As indicated by the title, this is an inquiry into the trademark ramifications of labeling. Certain kinds of conduct may well result in cancellation of federal rights in trademark registration. This is equally true with respect to trademark application for registration. It is therefore useful to consider at the outset the impact that improper labeling may have on a party's right to register. Most unfortunately, if [a] label defect is not detected in the registration process, or if there is substantial delay between commencement of use of the mark and attempted registration, a party may find his rights seriously compromised.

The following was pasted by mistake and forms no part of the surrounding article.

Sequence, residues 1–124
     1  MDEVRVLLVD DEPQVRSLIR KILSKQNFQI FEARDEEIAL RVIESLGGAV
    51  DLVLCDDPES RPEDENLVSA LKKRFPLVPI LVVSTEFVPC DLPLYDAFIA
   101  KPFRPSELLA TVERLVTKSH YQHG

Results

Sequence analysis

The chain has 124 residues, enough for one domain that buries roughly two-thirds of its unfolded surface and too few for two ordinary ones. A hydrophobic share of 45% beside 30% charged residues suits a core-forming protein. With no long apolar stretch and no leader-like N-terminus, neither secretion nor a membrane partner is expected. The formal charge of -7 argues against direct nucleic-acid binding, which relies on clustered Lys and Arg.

The task, here, then, is to make inquiry to discover whether or not the picture is as bleak as it appears on first blush. It is one of attempting to fix the scope of the problem as it applies to labeling primarily and, further, of inquiring into the authority and wisdom of the Patent Office in its resolution of such an important issue.

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Food Drug Cosmetic Law Journal

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Additional Information

This article was prepared by Thomas Field under the supervision of Professor James. B. Gambrell, in partial fulfillment of the requirements for an L.L.M at the New York University School of Law, Graduate Division. Field subsequently joined the faculty of the Franklin Pierce Law Center.

The article was also made available as Paper 12 of the Pierce Law Faculty Scholarship Series by NELLCO (nellco.org).